We had planned to stay out of the center of the city because our trip's purpose was centered around relaxing, not dodging beach vendors and hanging out at "the world famous" Carlos 'n Charlie's. We drove about 15 minutes past downtown to a small bay called Diamante where our hotel was hidden in a gated community of vacation villas.

Sergio managed the incredibly slow check-in at the hotel while Sasha gaped at the open-air lobby.

Perfect! It got even better as we strolled outside to find our room and saw how quiet our corner of the bay was. Soon enough we realized, hey, its hot outside. Awesome!

We heard something about it being cold in the U.S.?

Our room was big and sunny and simply furnished.

With a great view from the balcony:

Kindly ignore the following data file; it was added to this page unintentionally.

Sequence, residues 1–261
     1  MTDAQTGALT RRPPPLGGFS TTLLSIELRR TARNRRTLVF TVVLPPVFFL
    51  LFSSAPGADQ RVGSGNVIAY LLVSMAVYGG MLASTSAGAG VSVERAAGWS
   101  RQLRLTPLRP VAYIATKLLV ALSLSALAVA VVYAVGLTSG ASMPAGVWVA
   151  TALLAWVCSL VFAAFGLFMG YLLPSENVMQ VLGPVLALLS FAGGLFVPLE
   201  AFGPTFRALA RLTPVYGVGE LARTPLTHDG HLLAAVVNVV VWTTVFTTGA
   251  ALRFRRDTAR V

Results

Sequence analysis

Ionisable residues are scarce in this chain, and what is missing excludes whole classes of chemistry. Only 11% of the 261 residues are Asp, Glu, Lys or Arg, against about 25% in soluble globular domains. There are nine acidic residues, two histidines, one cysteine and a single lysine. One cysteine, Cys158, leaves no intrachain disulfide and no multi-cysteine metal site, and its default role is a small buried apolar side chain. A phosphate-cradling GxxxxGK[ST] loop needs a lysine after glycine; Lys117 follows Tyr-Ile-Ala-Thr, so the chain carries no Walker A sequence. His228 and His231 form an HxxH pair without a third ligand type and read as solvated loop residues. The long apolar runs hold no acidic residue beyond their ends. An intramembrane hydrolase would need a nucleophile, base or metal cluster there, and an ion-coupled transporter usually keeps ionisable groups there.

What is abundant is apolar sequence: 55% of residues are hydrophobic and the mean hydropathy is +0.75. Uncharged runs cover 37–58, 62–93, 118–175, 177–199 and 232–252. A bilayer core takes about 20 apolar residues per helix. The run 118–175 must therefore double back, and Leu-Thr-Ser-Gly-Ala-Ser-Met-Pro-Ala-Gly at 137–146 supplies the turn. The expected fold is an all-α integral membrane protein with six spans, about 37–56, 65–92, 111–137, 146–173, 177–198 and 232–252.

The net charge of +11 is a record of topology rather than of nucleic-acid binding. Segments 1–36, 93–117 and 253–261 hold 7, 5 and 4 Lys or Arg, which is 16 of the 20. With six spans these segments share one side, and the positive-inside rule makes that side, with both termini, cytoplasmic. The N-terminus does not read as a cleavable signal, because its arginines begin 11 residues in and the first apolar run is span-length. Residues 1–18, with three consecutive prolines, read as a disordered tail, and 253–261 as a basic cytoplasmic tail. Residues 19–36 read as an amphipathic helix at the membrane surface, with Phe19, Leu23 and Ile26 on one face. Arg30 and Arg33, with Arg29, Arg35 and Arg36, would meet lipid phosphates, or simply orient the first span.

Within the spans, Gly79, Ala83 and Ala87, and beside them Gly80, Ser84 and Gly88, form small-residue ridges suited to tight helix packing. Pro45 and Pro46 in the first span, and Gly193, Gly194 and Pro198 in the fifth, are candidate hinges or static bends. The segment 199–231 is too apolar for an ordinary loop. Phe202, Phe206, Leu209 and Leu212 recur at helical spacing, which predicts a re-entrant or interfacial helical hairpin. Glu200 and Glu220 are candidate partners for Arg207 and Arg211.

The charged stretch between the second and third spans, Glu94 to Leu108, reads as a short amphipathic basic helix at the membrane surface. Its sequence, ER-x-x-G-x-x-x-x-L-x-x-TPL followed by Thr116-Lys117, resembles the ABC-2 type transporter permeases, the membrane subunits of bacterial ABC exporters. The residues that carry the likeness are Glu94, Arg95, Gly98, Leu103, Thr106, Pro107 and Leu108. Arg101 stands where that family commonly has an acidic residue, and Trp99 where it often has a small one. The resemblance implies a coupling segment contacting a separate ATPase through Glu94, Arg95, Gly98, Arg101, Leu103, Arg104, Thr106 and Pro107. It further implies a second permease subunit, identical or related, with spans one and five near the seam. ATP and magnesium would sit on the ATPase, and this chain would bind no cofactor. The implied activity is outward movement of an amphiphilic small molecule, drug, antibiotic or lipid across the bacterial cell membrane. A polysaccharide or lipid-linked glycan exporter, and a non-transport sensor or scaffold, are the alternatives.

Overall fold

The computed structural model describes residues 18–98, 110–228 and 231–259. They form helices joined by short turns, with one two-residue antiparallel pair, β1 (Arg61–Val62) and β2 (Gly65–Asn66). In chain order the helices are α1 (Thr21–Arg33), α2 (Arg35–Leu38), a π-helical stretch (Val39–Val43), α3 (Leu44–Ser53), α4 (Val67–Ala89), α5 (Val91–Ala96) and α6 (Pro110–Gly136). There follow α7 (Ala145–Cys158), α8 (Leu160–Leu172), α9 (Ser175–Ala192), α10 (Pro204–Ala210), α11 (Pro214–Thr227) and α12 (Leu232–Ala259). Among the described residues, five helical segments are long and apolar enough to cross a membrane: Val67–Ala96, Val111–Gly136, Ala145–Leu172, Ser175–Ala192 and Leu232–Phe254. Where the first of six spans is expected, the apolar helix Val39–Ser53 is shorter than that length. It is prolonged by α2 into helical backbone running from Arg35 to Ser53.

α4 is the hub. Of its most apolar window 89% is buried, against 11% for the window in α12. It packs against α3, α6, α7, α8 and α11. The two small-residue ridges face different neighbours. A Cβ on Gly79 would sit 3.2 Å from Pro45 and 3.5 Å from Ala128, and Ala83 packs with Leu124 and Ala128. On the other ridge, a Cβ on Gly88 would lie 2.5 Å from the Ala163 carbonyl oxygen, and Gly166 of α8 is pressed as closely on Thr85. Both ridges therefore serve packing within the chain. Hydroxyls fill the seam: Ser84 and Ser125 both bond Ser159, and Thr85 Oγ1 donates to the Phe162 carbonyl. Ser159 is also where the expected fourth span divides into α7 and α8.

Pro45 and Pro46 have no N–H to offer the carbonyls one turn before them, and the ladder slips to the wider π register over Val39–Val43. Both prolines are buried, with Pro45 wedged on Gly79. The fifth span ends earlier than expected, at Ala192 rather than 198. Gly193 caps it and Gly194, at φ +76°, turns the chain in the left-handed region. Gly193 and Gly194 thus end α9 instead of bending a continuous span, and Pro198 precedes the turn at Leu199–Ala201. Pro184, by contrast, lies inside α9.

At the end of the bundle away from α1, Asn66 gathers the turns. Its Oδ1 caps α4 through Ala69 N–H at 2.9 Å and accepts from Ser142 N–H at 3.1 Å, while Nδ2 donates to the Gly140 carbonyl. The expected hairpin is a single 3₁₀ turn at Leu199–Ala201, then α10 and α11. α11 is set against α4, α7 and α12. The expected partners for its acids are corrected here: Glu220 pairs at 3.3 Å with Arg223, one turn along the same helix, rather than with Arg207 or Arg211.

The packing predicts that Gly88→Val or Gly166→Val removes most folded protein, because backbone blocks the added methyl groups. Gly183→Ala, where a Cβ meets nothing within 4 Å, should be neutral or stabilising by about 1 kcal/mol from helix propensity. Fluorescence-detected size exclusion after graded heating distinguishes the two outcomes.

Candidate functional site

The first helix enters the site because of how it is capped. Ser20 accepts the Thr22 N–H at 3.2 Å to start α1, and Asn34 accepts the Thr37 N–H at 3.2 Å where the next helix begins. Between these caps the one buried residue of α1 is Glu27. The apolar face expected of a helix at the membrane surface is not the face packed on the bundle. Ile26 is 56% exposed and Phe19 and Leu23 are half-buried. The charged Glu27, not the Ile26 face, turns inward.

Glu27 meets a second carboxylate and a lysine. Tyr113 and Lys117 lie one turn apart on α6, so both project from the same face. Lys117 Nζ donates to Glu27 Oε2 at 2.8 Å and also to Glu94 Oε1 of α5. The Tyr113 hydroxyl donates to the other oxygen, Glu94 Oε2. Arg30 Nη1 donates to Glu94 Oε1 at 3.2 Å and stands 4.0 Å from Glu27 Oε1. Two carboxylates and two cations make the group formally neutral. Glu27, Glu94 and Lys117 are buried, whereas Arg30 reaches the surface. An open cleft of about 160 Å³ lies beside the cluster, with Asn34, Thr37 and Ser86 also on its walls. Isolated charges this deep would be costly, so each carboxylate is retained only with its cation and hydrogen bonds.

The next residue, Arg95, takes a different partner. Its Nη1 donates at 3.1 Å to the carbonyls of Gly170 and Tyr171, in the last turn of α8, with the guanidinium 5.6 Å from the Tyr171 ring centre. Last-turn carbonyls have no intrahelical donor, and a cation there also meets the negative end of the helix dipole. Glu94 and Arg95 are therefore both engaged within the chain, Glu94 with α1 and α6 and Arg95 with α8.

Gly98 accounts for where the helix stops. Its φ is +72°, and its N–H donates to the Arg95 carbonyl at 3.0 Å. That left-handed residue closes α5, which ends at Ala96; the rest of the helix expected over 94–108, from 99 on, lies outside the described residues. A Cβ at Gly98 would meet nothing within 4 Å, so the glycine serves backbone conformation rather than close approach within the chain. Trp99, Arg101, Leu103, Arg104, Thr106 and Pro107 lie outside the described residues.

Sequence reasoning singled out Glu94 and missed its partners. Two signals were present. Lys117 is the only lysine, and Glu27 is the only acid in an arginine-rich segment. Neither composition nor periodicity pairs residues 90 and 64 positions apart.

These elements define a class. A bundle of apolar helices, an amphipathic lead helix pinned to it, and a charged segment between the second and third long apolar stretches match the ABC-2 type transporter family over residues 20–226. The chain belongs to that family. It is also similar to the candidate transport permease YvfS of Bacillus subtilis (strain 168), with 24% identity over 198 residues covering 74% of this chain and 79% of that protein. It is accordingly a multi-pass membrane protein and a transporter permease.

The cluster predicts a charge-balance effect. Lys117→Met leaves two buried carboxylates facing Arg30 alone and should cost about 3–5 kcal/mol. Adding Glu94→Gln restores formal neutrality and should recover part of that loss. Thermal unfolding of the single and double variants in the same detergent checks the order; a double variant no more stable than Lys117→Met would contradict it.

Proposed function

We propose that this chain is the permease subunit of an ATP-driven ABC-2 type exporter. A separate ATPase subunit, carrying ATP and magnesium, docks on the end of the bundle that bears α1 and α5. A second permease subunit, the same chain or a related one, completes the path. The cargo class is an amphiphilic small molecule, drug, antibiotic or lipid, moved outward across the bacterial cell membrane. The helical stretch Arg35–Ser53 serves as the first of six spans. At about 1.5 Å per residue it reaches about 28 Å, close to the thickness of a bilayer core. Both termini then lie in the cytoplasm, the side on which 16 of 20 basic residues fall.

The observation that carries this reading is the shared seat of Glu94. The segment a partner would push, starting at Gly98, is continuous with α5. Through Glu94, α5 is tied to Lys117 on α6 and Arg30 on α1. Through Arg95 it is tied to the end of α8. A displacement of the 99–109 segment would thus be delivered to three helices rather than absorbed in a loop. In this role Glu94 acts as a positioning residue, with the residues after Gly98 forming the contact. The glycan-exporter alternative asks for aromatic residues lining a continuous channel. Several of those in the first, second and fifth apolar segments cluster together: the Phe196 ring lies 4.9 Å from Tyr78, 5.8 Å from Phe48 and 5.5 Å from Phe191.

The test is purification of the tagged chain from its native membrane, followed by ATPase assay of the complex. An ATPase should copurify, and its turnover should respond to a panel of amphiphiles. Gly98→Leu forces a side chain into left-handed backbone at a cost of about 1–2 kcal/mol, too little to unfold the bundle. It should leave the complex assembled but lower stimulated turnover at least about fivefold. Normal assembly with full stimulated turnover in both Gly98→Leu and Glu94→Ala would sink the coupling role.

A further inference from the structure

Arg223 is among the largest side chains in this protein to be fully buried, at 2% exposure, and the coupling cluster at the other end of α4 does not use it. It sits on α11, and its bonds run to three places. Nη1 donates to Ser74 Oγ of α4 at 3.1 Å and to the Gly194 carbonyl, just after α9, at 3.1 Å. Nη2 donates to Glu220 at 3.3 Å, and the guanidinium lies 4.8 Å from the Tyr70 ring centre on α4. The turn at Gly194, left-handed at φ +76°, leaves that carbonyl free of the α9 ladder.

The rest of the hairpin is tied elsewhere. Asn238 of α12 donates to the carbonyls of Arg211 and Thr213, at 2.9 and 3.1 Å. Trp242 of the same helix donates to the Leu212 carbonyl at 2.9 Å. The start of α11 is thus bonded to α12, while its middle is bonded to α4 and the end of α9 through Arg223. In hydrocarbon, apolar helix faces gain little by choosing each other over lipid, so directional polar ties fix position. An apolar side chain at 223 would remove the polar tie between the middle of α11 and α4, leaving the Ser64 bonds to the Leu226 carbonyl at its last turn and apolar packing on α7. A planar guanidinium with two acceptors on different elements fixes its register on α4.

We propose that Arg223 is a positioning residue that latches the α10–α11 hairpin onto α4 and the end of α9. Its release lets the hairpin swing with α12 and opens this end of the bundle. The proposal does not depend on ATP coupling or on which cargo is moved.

After eating some lunch, we hopped to it and headed down to the little slice of private beach that would be our home for the weekend.

We spent the rest of the afternoon reading our books in the shade, poking our heads out from under the canopy to get some sun and take a dip every once in a while. Our biggest effort of the day turned out to be taking a ridiculously overpriced taxi up the mountain to a "Mex-Thai" restaurant -- Sergio made the mistake of calling it "Thai-Mex" and was quickly admonished. The place featured over-the-top decor and over-the-top Eastern European call girls at the table next to us. See, this town is totally Miami!

On Sunday we drove to Pie de la Cuesta, a beach town that had come highly recommended by our neighbors Joe and Lisa. He's Australian so we suspect he liked the place for its gnarly waves and expansive sandy beach. We liked it because there were dudes like this waiting to greet us:

"My horse's mane is too beautiful for you. Or is it just beautiful enough?"